For example, the two-year rule has some wiggle room. You don’t need to prove that you lived in the home for two years consecutively. You could, for example, live in the house for the first 12 months you own it, leave and rent it out for two years, and then move back in for 12 more months to get capital gains exclusion before you sell. As long as you live in the house for two total years (24 months) over the time you own it, you don't need to report the capital gain when you sell it. 

We will get into more ways to avoid capital gains taxes later, but for now, let’s take a look at how you calculate them.

Calculating Capital Gains Tax

Once you know your adjusted cost basis, figuring the capital gains tax is just a matter of finding the correct percentage. Most capital gains taxes are levied at 20 percent of the profit. Using the example above, if your capital gain from your home sale is $90,000, you can expect the taxes to be $18,000. 

However, your actual capital gains tax rate depends on several factors. Your capital gains tax rate will depend on how long you owned the property, how long it was your primary residence and your income bracket. While the usual capital gains tax rate is 20 percent, there are situations where it can be higher, including:

Special Asset Classes For Long-Term Capital Gains Tax


Capital Gains Tax Rate

Stock Sale Involving a Small Business


Collectibles (i.e., art, trading cards, and antiques)


Previously Reported Depreciation


Calculations regarding capital gains taxes are always calculated using the period from when you originally purchased the asset and when you sold it. That determines whether it is a short-term or long-term capital gain, which influences the amount you might owe.

Short-Term Vs. Long-Term Capital Gains Tax

The first factor you need to look at before selling an asset like a home (that could create taxable income) is when you bought it. It would be treated as a short-term capital gain if it was less than a year ago. This means it will be taxed just like your ordinary income. 

If you purchased it more than a year ago, it’s considered a long-term capital gain. This means there will be some adjustments in your favor regarding how much you will need to pay in taxes. You may even find yourself avoiding capital gains tax entirely if it is your primary residence.

Here are the 2022 tax rates for short-term capital gains:

Short-Term Capital Gains Tax Rates

Tax Rate 

Single Person

Married Couple Filing Jointly (Or Surviving Spouses)

Married Couple Filing Separately

Head of The Household


$0 to $9,950

$0 to $19,900

$0 to $9,950

$0 to $14,200


$9,951 to $40,525

$19,901 to $81,050

$9,951 to $40,525

$14,201 to $54,200


$40,526 to $86,375

$81,051 to $172,750

$40,526 to $86,375

$54,201 to $86,350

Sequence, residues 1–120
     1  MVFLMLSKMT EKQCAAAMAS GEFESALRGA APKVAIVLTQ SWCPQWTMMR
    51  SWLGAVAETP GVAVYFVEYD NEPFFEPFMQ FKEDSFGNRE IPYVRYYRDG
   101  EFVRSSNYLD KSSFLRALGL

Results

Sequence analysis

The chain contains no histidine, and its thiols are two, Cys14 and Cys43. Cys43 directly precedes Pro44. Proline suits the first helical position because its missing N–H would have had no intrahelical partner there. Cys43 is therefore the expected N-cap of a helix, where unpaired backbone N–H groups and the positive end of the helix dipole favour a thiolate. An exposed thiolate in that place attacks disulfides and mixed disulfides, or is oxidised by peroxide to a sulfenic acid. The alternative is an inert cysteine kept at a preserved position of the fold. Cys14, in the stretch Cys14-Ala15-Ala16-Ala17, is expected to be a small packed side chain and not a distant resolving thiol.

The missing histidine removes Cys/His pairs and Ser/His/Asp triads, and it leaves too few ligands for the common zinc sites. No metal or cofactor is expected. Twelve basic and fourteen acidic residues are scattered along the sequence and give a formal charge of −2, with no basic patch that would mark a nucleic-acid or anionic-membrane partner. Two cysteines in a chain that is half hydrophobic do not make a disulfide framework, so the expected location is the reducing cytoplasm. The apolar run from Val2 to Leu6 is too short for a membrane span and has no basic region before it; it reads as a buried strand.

$86,376 to $164,925

$172,751 to $329,850

$86,376 to $164,925

$86,351 to $164,900


$164,926 to $209,425

$329,851 to $418,850

$164,926 to $209,425

$164,901 to $209,400


$209,426 to $523,600

$418,851 to $628,300

$209,426 to $314,150

$209,401 to $523,600


$523,601 or more

$628,301 or more

$314,151 or more

$523,601 or more

When it comes to estates or trusts, the rules vary a bit. Here are the tax rates for those situations:

Short-Term Capital Gains for Estates or Trusts

Tax Rate 



$0 to $2,650


$2,650 to $9,550


$9,550 to $13,050


More Than $13,050

Again, your house is considered a short-term investment if you own it for less than a year before selling. This means the IRS counts any profits from the sale as part of your gross income, with no special considerations.


As you might imagine, this is important to note for people looking to buy a property, fix it up, and sell it right away (also known as house flipping). For example, let’s say a house flipper makes $100,000 from buying and selling a fixer-upper in under a year as a side job. They also make $100,000 a year from their day job, so they have doubled their annual income with the $100,000 they earned from the flip.

So, the IRS would consider their income for that year $200,000. It would be essential for them to keep track of all the expenses associated with the home flip to ensure that the profit amount they are taxed on is as low as possible.

Now let’s look at long long-term capital gains tax, which applies if you have owned a property for more than a year. There are three levels (brackets) for these taxes, and they are considerably lower than the short-term capital gains taxes.

Long-Term Capital Gains Tax Rates

Filing Status




Single Person

Up to $40,400

$40,401 to $445,850

More Than $445,850

Married Couple Filing Jointly (Or Surviving Spouses)

Up to $80,800

$80,801 to $501,600

More Than $501,600

Married Couple Filing Separately

Up to $40,400

$40,401 to $250,800

More Than $250,800

Head Of The Household

Up to $54,100

$54,101 to $473,750

More than $461,700


Up to $2700

$2,701 to $13,249

More than $13,250

Possible Exemptions From Capital Gains Tax

The ways you can avoid or offset capital gains are plentiful, so don’t let the numbers in the tables above scare you off from selling your home. Beyond the two-year primary residence exception we mentioned previously, here are more ways to avoid capital gains tax.

Home Office

Home Office

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More and more Americans are working from home, especially with the recent pandemic making it unsafe to work in crowded office buildings. This provides flexible work hours, eliminates the need for commuting, and can even mean more time with your family.

As a result, renovating or reorganizing the space in their houses to create a home office has become quite popular. Eliminating the drive from work and holding zoom meetings with sweatpants on aren't the only perks, though. Your home office can help when it comes to capital gains taxes as well.